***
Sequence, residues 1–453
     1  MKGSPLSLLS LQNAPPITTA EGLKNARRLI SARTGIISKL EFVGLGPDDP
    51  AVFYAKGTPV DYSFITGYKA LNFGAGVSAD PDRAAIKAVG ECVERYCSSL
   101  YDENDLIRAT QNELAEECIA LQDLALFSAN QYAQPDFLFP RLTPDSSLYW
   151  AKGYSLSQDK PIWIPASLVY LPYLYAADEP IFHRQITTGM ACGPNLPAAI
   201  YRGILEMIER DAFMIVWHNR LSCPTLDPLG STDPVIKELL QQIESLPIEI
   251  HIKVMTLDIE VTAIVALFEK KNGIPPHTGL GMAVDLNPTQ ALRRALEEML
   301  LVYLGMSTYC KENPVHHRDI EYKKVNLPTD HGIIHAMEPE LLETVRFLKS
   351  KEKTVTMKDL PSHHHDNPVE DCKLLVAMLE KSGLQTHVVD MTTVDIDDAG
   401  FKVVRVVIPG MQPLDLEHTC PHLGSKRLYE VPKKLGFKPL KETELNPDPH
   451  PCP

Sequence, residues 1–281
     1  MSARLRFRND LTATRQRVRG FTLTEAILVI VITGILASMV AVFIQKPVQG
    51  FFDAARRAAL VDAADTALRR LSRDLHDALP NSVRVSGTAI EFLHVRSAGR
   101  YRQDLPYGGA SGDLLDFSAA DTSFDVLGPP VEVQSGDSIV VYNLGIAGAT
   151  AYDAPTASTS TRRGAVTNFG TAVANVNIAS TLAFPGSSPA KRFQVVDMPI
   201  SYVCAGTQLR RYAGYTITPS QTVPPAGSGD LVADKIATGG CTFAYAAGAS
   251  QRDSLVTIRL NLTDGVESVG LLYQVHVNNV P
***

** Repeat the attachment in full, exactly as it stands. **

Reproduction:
Sequence, residues 1–453
     1  MKGSPLSLLS LQNAPPITTA EGLKNARRLI SARTGIISKL EFVGLGPDDP
    51  AVFYAKGTPV DYSFITGYKA LNFGAGVSAD PDRAAIKAVG ECVERYCSSL
   101  YDENDLIRAT QNELAEECIA LQDLALFSAN QYAQPDFLFP RLTPDSSLYW
   151  AKGYSLSQDK PIWIPASLVY LPYLYAADEP IFHRQITTGM ACGPNLPAAI
   201  YRGILEMIER DAFMIVWHNR LSCPTLDPLG STDPVIKELL QQIESLPIEI
   251  HIKVMTLDIE VTAIVALFEK KNGIPPHTGL GMAVDLNPTQ ALRRALEEML
   301  LVYLGMSTYC KENPVHHRDI EYKKVNLPTD HGIIHAMEPE LLETVRFLKS
   351  KEKTVTMKDL PSHHHDNPVE DCKLLVAMLE KSGLQTHVVD MTTVDIDDAG
   401  FKVVRVVIPG MQPLDLEHTC PHLGSKRLYE VPKKLGFKPL KETELNPDPH
   451  PCP

Sequence, residues 1–281
     1  MSARLRFRND LTATRQRVRG FTLTEAILVI VITGILASMV AVFIQKPVQG
    51  FFDAARRAAL VDAADTALRR LSRDLHDALP NSVRVSGTAI EFLHVRSAGR
   101  YRQDLPYGGA SGDLLDFSAA DTSFDVLGPP VEVQSGDSIV VYNLGIAGAT
   151  AYDAPTASTS TRRGAVTNFG TAVANVNIAS TLAFPGSSPA KRFQVVDMPI
   201  SYVCAGTQLR RYAGYTITPS QTVPPAGSGD LVADKIATGG CTFAYAAGAS
   251  QRDSLVTIRL NLTDGVESVG LLYQVHVNNV P